A Very Dilli Day Indeed

February 15, 2013 § Leave a comment

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So today we went to the opening day of the Mughal Gardens at the Rashtrapati Bhavan (The President’s House). The President’s House was actually built as the Viceroy’s Palace,  which is by the way the largest house of any head of state in the world. It was completed in 1945, just in time for Indian independence, funny how things work out, yes? Anyway, the Mughal gardens are open to the public for only one month during the year.

We arrived at gate 35 to greet a huge unorganized crowd, not an uncommon sight here. Once we entered the security staging area there were various unlabeled lines and no one seemed to know what was going on. A half muffled voice over some loudspeakers announced that nothing electronic was allowed on the premises—and you were only allowed a small wallet. Finally we figured out that you had to first get your bag x-rayed and then you would be given a paper pass to check it into the cloak room. Because everyone figured this out late (and half of the people were already in line for the cloak room) there was a mad dash for the xray… there was no line to speak of just a huge crush of people throwing their bags at the poor security guards. It was chaos, some men and women held their bags up high in hopes that the man at the xray would pick theirs out of the crowd, others took their chances tossing bags in the general direction of the x-ray whilst yelling “Let’s GO India!!!” Meanwhile their companions awaited them in the cloak room line. Once the bags were retrieved from the xray they ran back towards the cloak room line hands up in the air waving victoriously. The cloak room line waiters received them with huge smiles and congratulatory hugs upon their return. All the while the man in a sweater vest, holding the big walkie-talkie who was clearly supposed to be managing the whole thing looked on as if nothing was out of the ordinary. Ahhhh India… I’m happy Owen had a good sense of humor about the whole thing.

Since we weren’t allowed cameras, there are no images to show you. The image above are the gardens as they were being laid out. Despite the chaos at the entrance, it was a leisurely stroll through the garden. The trees are much larger and fuller now and trimmed to look like mushrooms. There were huge dinner plate dahlias, phlox, african daisies, marigolds, pansies and lilies in bloom, the sweet peas will probably hit their stride in a couple of weeks. We decided that we’d wash it all down with some chaat at Legends of India, a restaurant in CP—wandering around aimlessly for close to an hour we were finally told that it was closed. We grabbed a biryani and some Dhaba mutton at Hind Baluchi instead—good, but not great.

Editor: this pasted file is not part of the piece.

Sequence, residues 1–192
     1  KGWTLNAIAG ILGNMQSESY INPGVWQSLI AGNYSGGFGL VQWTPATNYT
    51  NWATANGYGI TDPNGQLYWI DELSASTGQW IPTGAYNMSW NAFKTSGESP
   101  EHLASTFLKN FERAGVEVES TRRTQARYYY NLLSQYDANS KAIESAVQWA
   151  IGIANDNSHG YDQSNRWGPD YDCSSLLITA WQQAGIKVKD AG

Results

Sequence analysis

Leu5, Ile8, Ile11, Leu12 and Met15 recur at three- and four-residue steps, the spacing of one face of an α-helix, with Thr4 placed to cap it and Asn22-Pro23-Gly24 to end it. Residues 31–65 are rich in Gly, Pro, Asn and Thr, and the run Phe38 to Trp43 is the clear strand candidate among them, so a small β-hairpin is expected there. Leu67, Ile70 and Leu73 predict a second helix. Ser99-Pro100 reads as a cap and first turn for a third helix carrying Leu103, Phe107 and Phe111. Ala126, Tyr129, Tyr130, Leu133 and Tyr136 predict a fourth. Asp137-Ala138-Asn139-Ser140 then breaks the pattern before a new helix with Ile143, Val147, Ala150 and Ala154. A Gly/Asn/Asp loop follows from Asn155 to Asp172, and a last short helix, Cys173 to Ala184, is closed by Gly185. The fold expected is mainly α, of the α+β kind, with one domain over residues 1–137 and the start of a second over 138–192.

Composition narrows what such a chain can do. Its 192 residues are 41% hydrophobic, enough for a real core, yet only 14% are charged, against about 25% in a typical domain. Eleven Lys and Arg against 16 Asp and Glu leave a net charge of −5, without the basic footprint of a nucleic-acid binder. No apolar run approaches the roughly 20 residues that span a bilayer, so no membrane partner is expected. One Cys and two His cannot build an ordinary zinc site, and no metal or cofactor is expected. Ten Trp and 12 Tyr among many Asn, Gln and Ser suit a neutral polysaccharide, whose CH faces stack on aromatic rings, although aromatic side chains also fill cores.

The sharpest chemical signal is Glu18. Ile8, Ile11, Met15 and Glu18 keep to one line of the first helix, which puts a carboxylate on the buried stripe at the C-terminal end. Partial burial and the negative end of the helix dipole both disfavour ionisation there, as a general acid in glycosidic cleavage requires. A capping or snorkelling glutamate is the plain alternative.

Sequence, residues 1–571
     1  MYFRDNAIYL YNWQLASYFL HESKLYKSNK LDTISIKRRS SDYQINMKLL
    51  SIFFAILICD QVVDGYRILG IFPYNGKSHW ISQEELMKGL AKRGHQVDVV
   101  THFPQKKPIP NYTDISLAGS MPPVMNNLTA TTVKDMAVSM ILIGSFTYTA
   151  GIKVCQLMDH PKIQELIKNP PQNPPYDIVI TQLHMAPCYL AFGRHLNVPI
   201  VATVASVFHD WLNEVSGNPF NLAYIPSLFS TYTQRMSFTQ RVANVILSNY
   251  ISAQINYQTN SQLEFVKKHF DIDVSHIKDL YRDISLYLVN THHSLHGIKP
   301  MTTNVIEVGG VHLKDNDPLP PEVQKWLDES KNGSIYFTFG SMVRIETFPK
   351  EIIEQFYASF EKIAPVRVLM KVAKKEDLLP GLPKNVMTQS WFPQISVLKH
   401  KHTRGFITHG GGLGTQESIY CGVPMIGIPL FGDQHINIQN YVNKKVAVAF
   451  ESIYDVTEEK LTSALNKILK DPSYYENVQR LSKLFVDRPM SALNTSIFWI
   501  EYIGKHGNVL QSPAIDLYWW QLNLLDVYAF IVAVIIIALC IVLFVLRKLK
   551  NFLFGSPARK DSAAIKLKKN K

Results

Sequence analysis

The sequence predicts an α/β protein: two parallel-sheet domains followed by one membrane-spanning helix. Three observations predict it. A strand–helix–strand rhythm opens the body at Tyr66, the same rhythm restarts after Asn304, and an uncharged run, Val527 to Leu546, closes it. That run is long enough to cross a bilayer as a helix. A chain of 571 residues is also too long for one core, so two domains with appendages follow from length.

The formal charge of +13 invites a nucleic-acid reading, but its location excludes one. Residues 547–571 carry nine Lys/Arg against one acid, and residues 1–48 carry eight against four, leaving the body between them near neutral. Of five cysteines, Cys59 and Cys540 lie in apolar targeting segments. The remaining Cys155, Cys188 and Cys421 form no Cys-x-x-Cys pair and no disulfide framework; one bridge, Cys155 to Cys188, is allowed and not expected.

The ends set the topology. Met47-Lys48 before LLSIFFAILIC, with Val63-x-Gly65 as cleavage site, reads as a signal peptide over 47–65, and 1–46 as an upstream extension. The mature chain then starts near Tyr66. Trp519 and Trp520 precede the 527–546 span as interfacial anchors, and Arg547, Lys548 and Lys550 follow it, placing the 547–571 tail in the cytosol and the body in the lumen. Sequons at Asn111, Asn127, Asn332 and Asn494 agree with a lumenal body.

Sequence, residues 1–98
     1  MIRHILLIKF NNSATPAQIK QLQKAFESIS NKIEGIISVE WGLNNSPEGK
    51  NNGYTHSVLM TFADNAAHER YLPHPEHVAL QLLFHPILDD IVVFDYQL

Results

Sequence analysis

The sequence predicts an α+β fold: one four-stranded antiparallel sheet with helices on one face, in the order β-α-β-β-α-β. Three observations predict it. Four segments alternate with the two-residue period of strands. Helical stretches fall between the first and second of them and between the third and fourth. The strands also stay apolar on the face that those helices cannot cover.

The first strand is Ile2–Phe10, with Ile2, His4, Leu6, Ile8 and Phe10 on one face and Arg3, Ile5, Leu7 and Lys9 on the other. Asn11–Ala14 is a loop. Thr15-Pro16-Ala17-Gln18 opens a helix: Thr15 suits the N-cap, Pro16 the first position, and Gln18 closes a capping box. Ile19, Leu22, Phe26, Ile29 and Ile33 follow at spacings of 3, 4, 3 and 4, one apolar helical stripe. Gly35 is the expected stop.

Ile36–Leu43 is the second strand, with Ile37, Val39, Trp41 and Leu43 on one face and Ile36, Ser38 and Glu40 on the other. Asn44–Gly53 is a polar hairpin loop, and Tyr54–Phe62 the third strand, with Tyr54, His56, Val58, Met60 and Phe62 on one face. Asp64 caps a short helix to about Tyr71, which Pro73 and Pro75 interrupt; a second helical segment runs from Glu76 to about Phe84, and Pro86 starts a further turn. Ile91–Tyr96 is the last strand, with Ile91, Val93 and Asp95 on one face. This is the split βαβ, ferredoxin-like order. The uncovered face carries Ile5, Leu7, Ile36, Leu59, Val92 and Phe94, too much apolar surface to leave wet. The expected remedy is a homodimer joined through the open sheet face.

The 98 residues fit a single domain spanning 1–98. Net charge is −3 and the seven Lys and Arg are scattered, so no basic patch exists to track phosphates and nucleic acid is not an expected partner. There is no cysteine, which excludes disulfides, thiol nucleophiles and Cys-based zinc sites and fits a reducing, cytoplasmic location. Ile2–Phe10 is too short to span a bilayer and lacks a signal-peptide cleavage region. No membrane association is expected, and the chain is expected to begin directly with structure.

Feeling dusty and tired, we debarked from our tuk tuk in front of the gate for Hauz Khas village. We were let off behind a white Mercedes-Benz with its trunk open. In front of the trunk stood a short woman, greying hair tied back neatly in a pony tail, wearing a quilted black puffer and a big diamond pendant. A couple of young men, who were clearly her employees accompanied her. They were all doling out dog food, milk and cooked livers to several of our local mutts. I’ve taken a shining to the neighborhood dogs, so O and I approached her. I forgot to ask her what her name was, though I will surely get it next time. The only reason I forgot to ask her name is as soon as we asked about what she was doing she launched into a 15 minute lecture about social responsibility, and how humans will always forget the good things you do for them, but dogs never will… she doesn’t do it for the praise, just the dogs… she went on and on, and on and on. She was lovely, but she did like to talk. She told us that the dogs that I’ve been naming—already have names! The white retriever looking one with the broken leg is Baba, the noble tiny fox like one is Paro. The woman told us that Paro had ovarian cancer and she paid for both the tumor to be removed and for 7 weeks of chemotherapy! Paro is a real sweetheart actually, always accepting pets and never begging for food. We never did figure out what the names were of the inseparable couple that Owen and I love the most. We call them Eddie (below, left) and Joe (below, right)—they’re always looking after each other and playing games, happy and oblivious to everyone around them. I will post a photo of them together soon. Apparently all of the dogs in the neighborhood have been neutered or spayed and vaccinated… something that puts my mind at ease for multiple reasons.

I feel like I got to see two very different sides of the city today—but each slice offered a new and more intimate view of Delhi. This vast city which seemed to me impenetrable chaos at first, is slowly revealing its own order.

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